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    Normal (N) and PEPCK-bGH transgenic (T) mice were injected i.p. with normal saline (non-stimulated (−)) or oGH (5 mg/kg) (GH-stimulated (+)). After 7.5 min, the livers were excised and extracts were prepared. Equal amounts of solubilized liver protein were separated by SDS-PAGE and subjected to immunoblot analysis with (A) anti-phospho-Erk1/2 Thr202/Tyr204 or (B) anti-Erk1/2 antibodies. Quantification was performed by scanning densitometry and expressed as % of the corresponding values in non-stimulated normal mice. Data are the mean±s.e.m. of the indicated number of subsets of different individuals (n) run in four separate experiments. Different letters denote significant difference at P<0.05. Representative immunoblots are shown.

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    Normal mice (N) and Mt-hGHRH transgenic (T) mice were injected i.p. with normal saline (non-stimulated (−)) or oGH (5 mg/kg) (GH-stimulated (+)) and after 7.5 min, and the livers were excised. Extracts were prepared and equal amounts of solubilized liver protein were separated by SDS-PAGE and subjected to immunoblot analysis with (A and C) anti-phospho-STAT3 Tyr705, (B) anti-STAT3, (D) anti-Src, (E) anti-FAK, (F) anti-EGFR, (G) anti-Akt, (H) anti-mTOR, and (I) anti-Erk1/2 (I) antibodies. Quantification was performed by scanning densitometry and expressed as % of values measured in GH-stimulated normal mice (A) or as % of normal mice values (B–I). In (I), each column represents the sum of Erk1 and Erk2 values, as the pattern observed for both proteins was similar. Data are the mean±s.e.m. of the indicated number of subsets (n) of different individuals run in two separate experiments. Different letters denote significant difference at P<0.05. Representative immunoblots are shown.

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    • Export Citation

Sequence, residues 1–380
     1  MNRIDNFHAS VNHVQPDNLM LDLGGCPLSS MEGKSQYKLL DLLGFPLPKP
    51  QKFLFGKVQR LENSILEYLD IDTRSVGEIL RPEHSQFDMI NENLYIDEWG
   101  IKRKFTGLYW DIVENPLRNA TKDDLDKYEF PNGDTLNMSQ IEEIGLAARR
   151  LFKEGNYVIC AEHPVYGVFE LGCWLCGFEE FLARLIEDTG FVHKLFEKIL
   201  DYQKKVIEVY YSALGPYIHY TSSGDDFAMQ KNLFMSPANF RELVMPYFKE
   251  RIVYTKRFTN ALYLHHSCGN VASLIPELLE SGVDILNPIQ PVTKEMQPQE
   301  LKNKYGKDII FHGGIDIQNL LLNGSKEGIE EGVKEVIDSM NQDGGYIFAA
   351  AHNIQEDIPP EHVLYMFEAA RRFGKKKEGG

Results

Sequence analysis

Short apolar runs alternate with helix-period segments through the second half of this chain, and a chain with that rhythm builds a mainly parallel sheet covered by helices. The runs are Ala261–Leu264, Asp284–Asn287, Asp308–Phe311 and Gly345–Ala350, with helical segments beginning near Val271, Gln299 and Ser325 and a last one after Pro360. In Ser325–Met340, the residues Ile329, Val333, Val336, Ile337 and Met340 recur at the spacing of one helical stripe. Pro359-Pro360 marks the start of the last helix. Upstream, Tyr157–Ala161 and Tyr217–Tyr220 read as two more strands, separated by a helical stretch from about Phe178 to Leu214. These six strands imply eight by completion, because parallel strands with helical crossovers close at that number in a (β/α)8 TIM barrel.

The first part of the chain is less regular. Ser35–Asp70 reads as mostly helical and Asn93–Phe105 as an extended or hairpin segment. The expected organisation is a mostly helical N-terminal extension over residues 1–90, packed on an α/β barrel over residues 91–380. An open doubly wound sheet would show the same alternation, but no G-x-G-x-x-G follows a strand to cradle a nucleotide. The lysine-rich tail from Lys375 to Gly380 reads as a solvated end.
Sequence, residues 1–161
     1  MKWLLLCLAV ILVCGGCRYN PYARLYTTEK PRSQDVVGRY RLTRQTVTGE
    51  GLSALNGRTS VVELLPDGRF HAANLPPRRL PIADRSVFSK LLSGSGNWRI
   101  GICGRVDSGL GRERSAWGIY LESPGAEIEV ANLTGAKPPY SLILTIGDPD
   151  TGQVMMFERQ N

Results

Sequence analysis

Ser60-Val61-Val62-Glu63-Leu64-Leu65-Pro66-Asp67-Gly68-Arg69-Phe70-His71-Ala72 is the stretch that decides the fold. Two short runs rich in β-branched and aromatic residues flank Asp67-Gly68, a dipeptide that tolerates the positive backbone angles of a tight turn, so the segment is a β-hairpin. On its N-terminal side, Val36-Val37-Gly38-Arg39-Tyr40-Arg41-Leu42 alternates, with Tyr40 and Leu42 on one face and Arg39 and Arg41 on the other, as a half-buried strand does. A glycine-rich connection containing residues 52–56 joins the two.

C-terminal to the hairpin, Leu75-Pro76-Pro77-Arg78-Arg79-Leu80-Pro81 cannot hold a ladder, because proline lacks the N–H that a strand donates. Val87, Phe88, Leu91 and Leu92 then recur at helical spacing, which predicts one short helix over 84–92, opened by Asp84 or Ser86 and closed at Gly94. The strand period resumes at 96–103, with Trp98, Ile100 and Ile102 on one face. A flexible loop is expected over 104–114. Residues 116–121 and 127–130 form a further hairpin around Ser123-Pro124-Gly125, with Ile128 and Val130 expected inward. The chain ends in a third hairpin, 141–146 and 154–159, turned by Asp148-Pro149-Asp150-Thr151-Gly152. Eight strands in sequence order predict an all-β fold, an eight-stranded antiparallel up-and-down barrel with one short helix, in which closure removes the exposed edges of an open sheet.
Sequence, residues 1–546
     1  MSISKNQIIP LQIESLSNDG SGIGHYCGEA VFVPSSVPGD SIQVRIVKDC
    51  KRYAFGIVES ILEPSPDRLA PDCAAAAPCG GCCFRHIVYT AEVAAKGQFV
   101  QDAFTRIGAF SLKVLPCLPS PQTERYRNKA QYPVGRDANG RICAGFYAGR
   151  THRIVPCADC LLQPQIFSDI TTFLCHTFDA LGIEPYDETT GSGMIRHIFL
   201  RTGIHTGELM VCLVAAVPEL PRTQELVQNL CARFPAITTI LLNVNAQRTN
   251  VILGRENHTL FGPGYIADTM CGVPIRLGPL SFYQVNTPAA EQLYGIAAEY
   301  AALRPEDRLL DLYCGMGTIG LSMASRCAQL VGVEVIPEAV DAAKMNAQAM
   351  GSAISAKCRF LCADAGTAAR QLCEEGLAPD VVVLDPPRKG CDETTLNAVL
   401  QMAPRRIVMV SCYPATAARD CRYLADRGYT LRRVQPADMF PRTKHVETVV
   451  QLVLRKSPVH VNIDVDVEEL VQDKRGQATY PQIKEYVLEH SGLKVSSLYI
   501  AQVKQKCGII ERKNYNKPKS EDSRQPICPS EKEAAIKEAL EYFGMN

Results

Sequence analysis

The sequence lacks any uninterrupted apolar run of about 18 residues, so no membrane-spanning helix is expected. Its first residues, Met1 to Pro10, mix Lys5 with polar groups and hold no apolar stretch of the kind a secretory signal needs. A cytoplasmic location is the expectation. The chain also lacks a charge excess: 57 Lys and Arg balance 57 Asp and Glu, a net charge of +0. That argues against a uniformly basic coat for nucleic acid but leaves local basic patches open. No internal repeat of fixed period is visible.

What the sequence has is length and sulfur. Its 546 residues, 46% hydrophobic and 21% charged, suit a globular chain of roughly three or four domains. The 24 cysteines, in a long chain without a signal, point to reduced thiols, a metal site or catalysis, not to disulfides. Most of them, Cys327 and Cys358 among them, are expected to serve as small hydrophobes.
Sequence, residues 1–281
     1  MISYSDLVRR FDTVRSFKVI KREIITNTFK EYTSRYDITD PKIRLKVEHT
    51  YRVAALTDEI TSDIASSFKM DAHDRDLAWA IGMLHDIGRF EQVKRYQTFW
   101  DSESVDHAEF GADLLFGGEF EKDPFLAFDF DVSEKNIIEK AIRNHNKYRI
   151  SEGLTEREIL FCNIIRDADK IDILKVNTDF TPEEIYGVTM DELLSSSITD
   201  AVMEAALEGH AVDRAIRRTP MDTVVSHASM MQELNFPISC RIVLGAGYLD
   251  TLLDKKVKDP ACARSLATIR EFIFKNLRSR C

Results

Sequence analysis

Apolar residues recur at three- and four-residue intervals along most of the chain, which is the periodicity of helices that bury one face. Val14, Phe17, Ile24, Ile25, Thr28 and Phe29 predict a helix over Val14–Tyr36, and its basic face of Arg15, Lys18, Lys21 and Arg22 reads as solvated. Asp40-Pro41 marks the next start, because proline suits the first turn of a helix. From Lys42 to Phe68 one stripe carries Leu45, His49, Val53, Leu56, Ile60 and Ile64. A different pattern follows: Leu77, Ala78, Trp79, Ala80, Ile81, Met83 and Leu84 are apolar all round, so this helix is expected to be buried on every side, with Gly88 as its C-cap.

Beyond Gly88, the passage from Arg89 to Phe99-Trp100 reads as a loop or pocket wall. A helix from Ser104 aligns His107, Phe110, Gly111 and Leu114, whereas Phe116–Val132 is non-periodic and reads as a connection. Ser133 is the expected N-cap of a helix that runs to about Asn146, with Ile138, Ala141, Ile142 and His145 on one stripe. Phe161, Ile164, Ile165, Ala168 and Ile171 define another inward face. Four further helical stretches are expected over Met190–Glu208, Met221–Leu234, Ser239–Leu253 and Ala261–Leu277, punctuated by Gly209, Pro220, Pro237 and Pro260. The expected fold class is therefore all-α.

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    • Search Google Scholar
    • Export Citation
  • WangZMasternakMMAl-RegaieyKABartkeA2007Adipocytokines and the regulation of lipid metabolism in growth hormone transgenic and calorie-restricted mice. Endocrinology14828452853.

    • Search Google Scholar
    • Export Citation
  • WatersMJHoangHNFairlieDPPelekanosRABrownRJ2006New insights into growth hormone action. Journal of Molecular Endocrinology3617.

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    • Search Google Scholar
    • Export Citation
  • YamauchiTUekiKTobeKTamemotoHSekineNWadaMHonjoMTakahasshiMTakahasshiTMatsudaT1997Tyrosine phosphorylation of the EGF receptor by the kinase JAK2 is induced by growth hormone. Nature3909196.

    • Search Google Scholar
    • Export Citation
  • YamauchiTUekiKTobeKTamemotoHSekineNWadaMHonjoMTakahashiMTakahashiTHiraiH1998Growth hormone-induced tyrosine phosphorylation of EGF receptor as an essential element leading to MAP kinase activation and gene expression. Endocrine Journal452731.

    • Search Google Scholar
    • Export Citation
  • ZhuTGohELGraichenRLingLLobiePE2001Signal transduction via the growth hormone receptor. Cellular Signalling13599616.

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    • Search Google Scholar
    • Export Citation